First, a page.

17 September 2015
Some maps put a ‘the’ between of and Bight. Some don’t. Officially it does seem to be the Bight and so the Head of it should have a ‘the’ before Bight.
Sometimes I wonder if I’d delve quite so much into such semantics if wasn’t for the surplus of thinking time that accumulates riding the Eyre Highway. Afterall as a ride it’s hardly demanding. No hills, no zig-zaggy bendy bits, light traffic – even if some of that light traffic is pretty damned heavy – scenery which, whilst variable, isn’t an eye-capturing changeling demanding attention and distracting the hapless rider, and no cultural distractions such as towns cafes terraces beer food espresso (Oh How I Miss Espresso). Which means I’ve plenty of time to delve into semantics, solve the World’s problems, work out my future, work out my Partner’s future too (not sure she’d buy into it anyway) and generally contemplate Life, The Universe and Everything, the End of the Cold War and Universal Friendship.
Zoning out does come with its risks mind you. Modern trucks, as we’ve observed, can actually be quieter than some modern cars. They can sneak up and scare the bejeebers out of me. A residual bit of wakeful awareness remains essential.
An essential part of my trip is reptile rescue, mostly the Bobtail Skink. One of the first and arguably THE most important reptile in my life. One which got me fascinated in reptiles a L O T of years ago and which has never died nor declined. They also spawned a conservation approach to my/our relationship to nature due to the frightening ignorance these utterly harmless lizards suffered because people simply did not understand them and unfortunately never tried to. Aged 9 I was the neighbourhood reptile rescuer and the Bobby was one of the most frequent I had to rescue. Actually, I was rescuing the hapless human from Bobby since it was the human most disconcerted by this beautiful animal.
The Head of (The) Bight is accessed by turning off the Eyre Highway some 12 km from Nullarbor Roadhouse, and following a good asphalt road for 11 km. The Head is where the Southern Ocean has nibbled it furthest into the Bunda Cliffs and the Nullarbor Plain.
The pinnacle of its achievement as it slowly consumes Australia. It is also the favourite chillout zone for the Southern Right Whale.
Enormous cumbersome beauties who slowly meander their way from their winter (that’s right, they winter in Antarctic water) feeding grounds to the Head of the Bight, and other places along the Bight, where they socialise, swap lessons learned over the winter, catch up with mates, enjoy a bit or romance and love, give birth to last season’s romantic successes, play with and strengthen up the new-borns to be able to make the long, long swim back to the feeding grounds 2000 km to the south.
Nearly hunted to extinction last century they are making quite a comeback. Their name, the Right Whale is a legacy of such hunting. After harpooning they would float, making them the ‘right’ whale since it’s a lot easier to deal with up to 18 m and 80 tonnes of whale if it floats. That they are nicely round and slow also helped in defining their name and in nearly their extinction.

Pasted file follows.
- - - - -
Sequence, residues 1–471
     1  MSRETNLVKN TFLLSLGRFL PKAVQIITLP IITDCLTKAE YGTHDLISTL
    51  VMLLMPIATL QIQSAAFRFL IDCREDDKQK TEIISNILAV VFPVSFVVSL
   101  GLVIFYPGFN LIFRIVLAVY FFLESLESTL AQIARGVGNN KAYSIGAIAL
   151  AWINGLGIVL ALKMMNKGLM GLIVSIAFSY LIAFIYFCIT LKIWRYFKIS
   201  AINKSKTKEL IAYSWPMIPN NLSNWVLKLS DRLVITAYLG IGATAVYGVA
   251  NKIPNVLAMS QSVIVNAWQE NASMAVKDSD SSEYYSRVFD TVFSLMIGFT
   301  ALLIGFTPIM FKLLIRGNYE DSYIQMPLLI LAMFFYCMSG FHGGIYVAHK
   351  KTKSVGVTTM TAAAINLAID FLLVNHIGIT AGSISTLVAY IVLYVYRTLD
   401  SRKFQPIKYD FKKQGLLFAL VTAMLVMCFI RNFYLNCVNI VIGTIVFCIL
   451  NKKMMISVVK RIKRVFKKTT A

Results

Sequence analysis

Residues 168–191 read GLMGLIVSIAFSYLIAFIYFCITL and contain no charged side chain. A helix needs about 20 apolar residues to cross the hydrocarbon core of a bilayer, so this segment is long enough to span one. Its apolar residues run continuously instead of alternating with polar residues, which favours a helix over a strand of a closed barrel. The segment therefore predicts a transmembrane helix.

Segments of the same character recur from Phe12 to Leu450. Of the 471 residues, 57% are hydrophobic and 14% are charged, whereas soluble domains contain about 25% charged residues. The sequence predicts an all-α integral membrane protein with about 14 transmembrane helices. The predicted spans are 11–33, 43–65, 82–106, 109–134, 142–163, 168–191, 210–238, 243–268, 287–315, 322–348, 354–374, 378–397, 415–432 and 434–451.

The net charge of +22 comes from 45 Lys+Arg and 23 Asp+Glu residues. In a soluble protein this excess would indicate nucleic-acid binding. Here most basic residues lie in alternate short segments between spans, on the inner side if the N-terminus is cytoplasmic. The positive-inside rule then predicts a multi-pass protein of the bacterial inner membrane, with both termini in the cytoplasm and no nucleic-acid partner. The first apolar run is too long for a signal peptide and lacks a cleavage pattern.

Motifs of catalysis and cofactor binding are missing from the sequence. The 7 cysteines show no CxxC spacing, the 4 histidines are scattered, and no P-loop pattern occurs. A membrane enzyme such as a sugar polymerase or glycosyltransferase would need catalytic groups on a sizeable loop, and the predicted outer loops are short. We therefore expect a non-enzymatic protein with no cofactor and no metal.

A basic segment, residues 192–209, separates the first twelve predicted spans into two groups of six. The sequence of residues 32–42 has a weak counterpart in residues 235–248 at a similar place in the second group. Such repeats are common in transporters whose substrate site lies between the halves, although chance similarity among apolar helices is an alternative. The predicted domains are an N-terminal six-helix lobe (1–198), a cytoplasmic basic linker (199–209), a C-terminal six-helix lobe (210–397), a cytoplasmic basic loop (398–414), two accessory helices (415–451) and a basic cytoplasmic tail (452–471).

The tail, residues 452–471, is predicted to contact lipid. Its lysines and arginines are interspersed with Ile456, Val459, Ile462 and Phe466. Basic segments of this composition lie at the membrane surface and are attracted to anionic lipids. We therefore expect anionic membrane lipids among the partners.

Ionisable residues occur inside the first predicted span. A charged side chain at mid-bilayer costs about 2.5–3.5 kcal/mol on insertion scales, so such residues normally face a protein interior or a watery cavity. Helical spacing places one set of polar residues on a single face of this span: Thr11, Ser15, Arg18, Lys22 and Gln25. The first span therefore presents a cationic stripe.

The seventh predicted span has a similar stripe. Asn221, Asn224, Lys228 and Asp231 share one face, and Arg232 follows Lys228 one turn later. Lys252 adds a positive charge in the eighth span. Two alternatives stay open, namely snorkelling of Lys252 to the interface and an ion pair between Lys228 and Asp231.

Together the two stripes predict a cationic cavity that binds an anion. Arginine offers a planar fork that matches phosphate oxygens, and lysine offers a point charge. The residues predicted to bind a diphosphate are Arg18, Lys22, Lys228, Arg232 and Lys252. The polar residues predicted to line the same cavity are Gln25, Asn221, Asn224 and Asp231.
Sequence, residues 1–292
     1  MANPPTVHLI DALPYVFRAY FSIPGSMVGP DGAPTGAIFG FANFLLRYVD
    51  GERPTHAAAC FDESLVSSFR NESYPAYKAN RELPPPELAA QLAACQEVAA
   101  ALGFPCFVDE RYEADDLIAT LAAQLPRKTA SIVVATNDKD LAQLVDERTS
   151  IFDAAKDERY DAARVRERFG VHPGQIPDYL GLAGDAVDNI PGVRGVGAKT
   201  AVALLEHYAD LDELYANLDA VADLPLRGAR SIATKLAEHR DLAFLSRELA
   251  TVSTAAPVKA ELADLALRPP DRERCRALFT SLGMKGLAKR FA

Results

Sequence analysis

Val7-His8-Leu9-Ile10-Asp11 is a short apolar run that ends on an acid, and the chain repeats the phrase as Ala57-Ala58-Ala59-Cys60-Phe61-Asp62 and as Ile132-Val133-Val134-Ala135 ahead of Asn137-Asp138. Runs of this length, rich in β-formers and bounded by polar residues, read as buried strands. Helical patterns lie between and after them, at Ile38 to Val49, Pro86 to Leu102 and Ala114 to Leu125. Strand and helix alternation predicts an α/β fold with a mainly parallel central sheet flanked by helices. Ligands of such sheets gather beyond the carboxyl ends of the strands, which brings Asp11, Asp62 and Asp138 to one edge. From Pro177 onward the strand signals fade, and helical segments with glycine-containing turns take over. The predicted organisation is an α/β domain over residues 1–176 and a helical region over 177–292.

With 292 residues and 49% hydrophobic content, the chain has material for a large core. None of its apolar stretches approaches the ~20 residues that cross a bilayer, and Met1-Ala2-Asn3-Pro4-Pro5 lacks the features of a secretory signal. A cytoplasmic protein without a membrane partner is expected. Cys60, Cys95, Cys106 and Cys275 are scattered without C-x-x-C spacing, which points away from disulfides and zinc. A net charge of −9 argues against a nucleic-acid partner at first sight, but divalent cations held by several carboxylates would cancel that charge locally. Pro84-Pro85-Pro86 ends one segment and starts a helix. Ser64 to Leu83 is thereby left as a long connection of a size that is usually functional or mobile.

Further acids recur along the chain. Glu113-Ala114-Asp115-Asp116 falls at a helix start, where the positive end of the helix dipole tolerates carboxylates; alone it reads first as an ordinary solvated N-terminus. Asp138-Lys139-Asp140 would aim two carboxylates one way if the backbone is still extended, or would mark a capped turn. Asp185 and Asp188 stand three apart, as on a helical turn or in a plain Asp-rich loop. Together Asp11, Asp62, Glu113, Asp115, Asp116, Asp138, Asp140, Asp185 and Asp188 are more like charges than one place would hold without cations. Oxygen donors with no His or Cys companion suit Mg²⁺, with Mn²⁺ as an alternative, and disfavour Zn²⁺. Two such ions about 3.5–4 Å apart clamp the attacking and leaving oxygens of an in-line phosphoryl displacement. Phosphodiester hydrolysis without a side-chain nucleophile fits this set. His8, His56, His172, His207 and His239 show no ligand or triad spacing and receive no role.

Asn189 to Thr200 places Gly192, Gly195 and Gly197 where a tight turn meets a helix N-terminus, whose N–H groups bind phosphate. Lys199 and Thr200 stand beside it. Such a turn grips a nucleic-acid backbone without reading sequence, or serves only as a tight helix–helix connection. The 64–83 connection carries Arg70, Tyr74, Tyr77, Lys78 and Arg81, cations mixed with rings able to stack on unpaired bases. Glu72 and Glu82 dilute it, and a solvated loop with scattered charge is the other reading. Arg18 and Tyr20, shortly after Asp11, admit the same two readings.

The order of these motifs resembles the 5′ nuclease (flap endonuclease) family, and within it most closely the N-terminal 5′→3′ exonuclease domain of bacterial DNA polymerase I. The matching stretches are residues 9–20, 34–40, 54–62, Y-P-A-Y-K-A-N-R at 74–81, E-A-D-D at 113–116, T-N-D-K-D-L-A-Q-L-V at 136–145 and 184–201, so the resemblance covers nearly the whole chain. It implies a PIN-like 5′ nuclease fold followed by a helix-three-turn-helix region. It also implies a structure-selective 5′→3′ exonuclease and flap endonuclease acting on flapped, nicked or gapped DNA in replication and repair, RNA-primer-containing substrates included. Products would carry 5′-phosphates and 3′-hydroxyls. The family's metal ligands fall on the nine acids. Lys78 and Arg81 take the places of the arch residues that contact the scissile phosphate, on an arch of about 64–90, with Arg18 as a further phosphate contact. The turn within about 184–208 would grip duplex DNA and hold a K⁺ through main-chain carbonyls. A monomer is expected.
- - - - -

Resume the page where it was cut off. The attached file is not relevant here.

There is no trace of irony in Australia’s current relationship with cetaceans. Australia, and New Zealand, had a well-established whaling industry of which they were proud. A ‘traditional’ industry, no less. Today both countries are ardent global whale conservation leaders and enjoy a resurgent whaling industries based on (eco-)tourism, conservation, study and management. The Head of (The) Bight is one place where all of this comes together in a delightful and indeed spectacular setting. Just 11 km off the Eyre Highway, a research station provides excellent viewing platforms over an azure Southern Ocean with massive mammies playing, suckling and training their calves.
Norway is a country in transition regarding its relationship with whales. It is one of the few countries in the world where you can buy whale meat in a supermarket. They are proud of their whaling tradition. On the other hand they are proud too of their whale-watching and conservation efforts, and the tourism industry it has spawned in Loforton. Whilst on a Sperm Whale watching trip in 2012 out of Andenes I asked the guide what they thought about the paradox of Norway being ‘proud’ of two diametrically opposite ways of enjoying a whale. “I don’t know” came the answer, “I’m not Norwegian, I only work here. You’ll have to ask the Skipper” who was too busy, really, for me to disturb at the time.
We dumped our bags at a free campsite 2 km in from the Eyre Highway and wobbled our way to the research station on light bikes which made the headwind much easier to deal with. Several hours of watching whales and swells and cliffs later we road back, pushed by a glorious tailwind. Delightful day.
Whales were not the only thing to see at the Head of (The) Bight …
The building we slept in appears to be a rammed earth affair tapering from nearly a metre wide at its base to less than half that at its top. The door appears to have been cut into it using some kind of mechanized saw. There are no other orifices in the walls. We conclude it was formerly a water tank, now converted to a camp-shelter. I couldn’t help but wonder at the history of the building and lament that there’s no information to slake my thirst.